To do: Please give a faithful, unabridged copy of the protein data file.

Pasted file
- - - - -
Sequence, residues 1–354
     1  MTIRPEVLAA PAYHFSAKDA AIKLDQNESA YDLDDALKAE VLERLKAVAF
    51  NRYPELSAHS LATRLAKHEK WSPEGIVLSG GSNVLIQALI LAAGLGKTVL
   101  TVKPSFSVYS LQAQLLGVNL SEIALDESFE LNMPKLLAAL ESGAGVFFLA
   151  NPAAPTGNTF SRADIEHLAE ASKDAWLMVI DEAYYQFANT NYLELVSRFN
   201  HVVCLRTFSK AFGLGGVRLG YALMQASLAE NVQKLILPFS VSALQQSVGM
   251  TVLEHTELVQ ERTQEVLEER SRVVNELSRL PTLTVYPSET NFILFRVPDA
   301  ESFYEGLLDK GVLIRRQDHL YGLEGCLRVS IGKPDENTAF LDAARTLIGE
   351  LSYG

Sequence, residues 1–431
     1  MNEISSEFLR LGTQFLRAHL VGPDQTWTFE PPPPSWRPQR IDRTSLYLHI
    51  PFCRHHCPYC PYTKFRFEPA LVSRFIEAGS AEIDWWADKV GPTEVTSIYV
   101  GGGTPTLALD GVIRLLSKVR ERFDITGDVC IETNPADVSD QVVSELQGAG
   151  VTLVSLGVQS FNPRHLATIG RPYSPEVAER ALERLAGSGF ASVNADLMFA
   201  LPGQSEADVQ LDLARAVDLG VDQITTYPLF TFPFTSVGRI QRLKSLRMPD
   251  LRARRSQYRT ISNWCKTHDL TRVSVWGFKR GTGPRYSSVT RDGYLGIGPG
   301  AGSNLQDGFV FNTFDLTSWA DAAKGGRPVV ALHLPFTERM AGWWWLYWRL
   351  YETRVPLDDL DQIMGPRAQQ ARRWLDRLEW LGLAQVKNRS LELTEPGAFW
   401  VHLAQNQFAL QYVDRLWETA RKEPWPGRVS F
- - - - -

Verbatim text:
Sequence, residues 1–354
     1  MTIRPEVLAA PAYHFSAKDA AIKLDQNESA YDLDDALKAE VLERLKAVAF
    51  NRYPELSAHS LATRLAKHEK WSPEGIVLSG GSNVLIQALI LAAGLGKTVL
   101  TVKPSFSVYS LQAQLLGVNL SEIALDESFE LNMPKLLAAL ESGAGVFFLA
   151  NPAAPTGNTF SRADIEHLAE ASKDAWLMVI DEAYYQFANT NYLELVSRFN
   201  HVVCLRTFSK AFGLGGVRLG YALMQASLAE NVQKLILPFS VSALQQSVGM
   251  TVLEHTELVQ ERTQEVLEER SRVVNELSRL PTLTVYPSET NFILFRVPDA
   301  ESFYEGLLDK GVLIRRQDHL YGLEGCLRVS IGKPDENTAF LDAARTLIGE
   351  LSYG

Sequence, residues 1–431
     1  MNEISSEFLR LGTQFLRAHL VGPDQTWTFE PPPPSWRPQR IDRTSLYLHI
    51  PFCRHHCPYC PYTKFRFEPA LVSRFIEAGS AEIDWWADKV GPTEVTSIYV
   101  GGGTPTLALD GVIRLLSKVR ERFDITGDVC IETNPADVSD QVVSELQGAG
   151  VTLVSLGVQS FNPRHLATIG RPYSPEVAER ALERLAGSGF ASVNADLMFA
   201  LPGQSEADVQ LDLARAVDLG VDQITTYPLF TFPFTSVGRI QRLKSLRMPD
   251  LRARRSQYRT ISNWCKTHDL TRVSVWGFKR GTGPRYSSVT RDGYLGIGPG
   301  AGSNLQDGFV FNTFDLTSWA DAAKGGRPVV ALHLPFTERM AGWWWLYWRL
   351  YETRVPLDDL DQIMGPRAQQ ARRWLDRLEW LGLAQVKNRS LELTEPGAFW
   401  VHLAQNQFAL QYVDRLWETA RKEPWPGRVS F